Rev. Sun Myung Moon

As a Peace-loving Global Citizen is the autobiography of Rev. Sun Myung Moon, the founder of the Unification Movement. It was published in 2009 in both Korean and English by Gimm-Young Publishers of Seoul, South Korea. The book was released in South Korea on March 9, 2009 and debuted at #3 on the Businesss bestseller's list. It has ranked in various bestseller lists since then and was ranked 15th on the General bestseller's list as of October 14, 2009.

The Crazy, Handsome Man by the Well

   “Do you think I would have waited for you without knowing even that about you? You said you came here to witness to me. Please, then, teach me.”

       Hyun Shil Kang was clearly knowledgeable in theology. She quoted Bible texts to me one after another in an effort to attack my views. She continued to challenge me strongly as I kept busy responding to each of her challenges with answers in a strong and clear voice. Our debate continued so long that it began to grow dark, so I stood up and cooked dinner. The only thing we had besides rice was some over ripe kimchi. Nevertheless, we sat there with the sound of water trickling below and shared this food before resuming our debate. She came back the next day and the day after that, each time to continue our debate. In the end, she chose to devote her life to the principle I teach.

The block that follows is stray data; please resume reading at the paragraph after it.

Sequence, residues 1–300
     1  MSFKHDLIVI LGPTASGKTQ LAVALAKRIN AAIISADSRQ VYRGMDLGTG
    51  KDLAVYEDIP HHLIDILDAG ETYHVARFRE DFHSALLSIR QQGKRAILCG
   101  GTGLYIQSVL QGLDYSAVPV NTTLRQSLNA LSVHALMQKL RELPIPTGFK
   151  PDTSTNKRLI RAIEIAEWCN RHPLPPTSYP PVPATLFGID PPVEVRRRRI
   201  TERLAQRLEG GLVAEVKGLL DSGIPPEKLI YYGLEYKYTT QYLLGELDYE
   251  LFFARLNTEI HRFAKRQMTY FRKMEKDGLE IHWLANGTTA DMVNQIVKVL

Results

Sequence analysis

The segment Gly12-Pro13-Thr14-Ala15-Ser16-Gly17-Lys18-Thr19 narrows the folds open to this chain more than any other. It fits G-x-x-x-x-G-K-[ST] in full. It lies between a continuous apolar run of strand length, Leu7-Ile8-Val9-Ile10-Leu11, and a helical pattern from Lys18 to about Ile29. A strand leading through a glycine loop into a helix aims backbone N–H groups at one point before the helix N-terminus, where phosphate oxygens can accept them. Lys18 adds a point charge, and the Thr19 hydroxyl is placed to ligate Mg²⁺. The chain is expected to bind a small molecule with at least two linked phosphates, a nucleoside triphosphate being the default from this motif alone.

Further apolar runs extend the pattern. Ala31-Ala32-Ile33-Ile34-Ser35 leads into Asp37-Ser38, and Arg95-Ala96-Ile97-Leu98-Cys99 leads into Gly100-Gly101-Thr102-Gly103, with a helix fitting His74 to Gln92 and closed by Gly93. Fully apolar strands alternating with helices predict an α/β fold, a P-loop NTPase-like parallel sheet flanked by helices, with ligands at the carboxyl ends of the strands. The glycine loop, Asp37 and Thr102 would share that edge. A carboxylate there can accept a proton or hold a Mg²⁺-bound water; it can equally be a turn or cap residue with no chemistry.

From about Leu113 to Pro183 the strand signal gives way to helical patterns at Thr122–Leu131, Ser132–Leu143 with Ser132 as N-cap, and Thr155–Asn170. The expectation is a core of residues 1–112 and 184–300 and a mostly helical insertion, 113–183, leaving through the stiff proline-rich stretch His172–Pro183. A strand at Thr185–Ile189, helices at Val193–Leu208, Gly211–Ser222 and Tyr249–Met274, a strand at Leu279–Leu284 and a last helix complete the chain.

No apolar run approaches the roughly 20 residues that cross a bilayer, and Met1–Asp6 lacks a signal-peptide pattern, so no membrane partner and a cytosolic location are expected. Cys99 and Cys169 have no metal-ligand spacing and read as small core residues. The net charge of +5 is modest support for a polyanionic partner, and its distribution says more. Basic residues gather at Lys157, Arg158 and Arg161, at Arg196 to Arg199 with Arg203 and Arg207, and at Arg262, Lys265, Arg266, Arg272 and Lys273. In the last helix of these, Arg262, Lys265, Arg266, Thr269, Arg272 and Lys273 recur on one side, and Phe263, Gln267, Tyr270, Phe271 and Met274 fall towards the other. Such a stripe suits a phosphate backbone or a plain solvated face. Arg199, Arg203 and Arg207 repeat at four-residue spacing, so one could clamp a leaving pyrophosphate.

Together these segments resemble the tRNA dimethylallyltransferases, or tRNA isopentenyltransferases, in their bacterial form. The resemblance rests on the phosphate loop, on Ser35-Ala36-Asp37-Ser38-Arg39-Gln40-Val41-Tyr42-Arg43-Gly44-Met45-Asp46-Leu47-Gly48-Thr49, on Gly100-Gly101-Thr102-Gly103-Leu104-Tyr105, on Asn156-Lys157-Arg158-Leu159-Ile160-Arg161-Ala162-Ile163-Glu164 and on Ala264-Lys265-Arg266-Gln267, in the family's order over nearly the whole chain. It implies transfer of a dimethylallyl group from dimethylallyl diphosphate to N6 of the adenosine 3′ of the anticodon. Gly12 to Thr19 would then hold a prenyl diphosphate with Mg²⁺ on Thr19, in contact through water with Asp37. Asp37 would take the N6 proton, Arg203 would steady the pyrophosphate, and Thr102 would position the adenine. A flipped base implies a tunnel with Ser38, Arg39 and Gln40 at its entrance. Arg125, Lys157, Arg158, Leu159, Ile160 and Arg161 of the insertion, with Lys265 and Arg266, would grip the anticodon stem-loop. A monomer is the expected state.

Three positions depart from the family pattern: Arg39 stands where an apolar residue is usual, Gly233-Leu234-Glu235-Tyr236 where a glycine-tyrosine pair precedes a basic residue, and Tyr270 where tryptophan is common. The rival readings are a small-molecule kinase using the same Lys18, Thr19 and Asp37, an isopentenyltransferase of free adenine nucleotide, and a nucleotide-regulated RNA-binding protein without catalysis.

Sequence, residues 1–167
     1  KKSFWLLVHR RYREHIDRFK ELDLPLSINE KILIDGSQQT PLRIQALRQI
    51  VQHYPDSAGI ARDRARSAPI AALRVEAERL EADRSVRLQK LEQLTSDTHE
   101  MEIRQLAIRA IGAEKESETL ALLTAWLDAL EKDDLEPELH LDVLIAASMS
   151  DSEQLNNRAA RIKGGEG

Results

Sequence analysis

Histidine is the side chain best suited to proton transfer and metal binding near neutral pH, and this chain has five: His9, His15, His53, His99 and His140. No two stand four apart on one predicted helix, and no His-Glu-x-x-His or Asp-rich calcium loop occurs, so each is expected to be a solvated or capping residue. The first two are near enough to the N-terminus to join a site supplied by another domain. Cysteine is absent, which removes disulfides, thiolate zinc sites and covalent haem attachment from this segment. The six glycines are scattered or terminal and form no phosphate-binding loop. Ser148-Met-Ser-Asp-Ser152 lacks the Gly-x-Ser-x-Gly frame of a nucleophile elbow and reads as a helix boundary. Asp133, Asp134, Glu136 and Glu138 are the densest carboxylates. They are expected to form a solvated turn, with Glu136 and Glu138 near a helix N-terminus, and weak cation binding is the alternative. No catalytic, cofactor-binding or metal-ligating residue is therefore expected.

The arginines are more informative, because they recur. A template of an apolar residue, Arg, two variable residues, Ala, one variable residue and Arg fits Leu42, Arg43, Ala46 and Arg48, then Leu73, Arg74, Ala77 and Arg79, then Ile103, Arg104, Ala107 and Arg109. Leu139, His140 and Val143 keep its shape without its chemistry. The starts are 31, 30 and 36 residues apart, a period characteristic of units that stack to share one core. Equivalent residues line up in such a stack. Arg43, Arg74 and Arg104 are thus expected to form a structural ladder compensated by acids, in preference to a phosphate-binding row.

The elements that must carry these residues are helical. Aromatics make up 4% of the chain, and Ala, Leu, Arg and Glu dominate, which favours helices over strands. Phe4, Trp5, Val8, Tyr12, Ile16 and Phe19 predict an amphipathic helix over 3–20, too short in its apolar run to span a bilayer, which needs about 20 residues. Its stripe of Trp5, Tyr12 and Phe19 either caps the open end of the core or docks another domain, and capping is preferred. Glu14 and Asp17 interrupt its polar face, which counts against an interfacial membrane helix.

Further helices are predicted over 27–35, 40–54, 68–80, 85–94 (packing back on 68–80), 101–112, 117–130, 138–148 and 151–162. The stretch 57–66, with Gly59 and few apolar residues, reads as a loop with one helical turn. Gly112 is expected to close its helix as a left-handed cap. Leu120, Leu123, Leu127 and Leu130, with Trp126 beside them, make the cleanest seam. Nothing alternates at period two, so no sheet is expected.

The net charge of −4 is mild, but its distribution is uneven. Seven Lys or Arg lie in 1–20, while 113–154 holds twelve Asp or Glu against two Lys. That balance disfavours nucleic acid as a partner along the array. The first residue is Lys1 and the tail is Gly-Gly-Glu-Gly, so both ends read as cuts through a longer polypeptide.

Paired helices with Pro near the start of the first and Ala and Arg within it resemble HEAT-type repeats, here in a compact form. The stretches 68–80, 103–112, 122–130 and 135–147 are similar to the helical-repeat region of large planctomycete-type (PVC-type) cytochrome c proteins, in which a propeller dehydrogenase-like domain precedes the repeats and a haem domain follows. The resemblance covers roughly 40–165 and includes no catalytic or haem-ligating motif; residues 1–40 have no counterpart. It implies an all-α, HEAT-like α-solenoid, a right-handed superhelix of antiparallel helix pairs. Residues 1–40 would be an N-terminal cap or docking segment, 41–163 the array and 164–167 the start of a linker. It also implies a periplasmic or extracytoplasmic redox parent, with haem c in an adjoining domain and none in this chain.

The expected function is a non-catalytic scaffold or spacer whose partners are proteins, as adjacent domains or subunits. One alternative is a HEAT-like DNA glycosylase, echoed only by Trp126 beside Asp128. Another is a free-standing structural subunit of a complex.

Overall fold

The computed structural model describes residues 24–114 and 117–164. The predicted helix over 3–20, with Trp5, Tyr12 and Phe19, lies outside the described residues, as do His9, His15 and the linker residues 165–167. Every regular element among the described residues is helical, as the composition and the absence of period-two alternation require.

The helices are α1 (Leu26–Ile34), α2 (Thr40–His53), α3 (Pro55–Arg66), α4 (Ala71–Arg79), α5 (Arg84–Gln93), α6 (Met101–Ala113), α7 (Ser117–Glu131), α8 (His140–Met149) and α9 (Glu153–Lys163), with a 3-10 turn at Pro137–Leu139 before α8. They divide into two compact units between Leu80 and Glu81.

Later that year, on a windy November day, my wife showed up at the door of the Beom-net-gol hut. There standing with her was a seven year- old boy, my son, who was born the year I left home. I had left that day simply to go pick up some rice but went to Pyongyang instead. The years had passed, and now he had grown into a young boy. I could not bring myself to look him in the eye, nor could I reach out to stroke his face and embrace him in joy. I just stood there like a stone statue, frozen in place, speechless.

       My wife did not have to say a word. I felt the pain and suffering this poor mother and child had to experience in the midst of war. Even before this visit, I knew where they were living and what their situation was, but I was not yet to the point where I could take care of my family. I knew this, and I had asked her several times, even before our marriage, “Please trust me and wait just a little longer.” When the time was right, I planned to go get them. But in this situation, as they stood in the door, the right time had not yet come. The hut, our church, was small and shabby. A number of members ate there and lived there with me to study God’s word. I could not bring my family there.

       My wife took a look around the hut, expressed great disappointment, and turned to leave. She and my son set off down the steep path.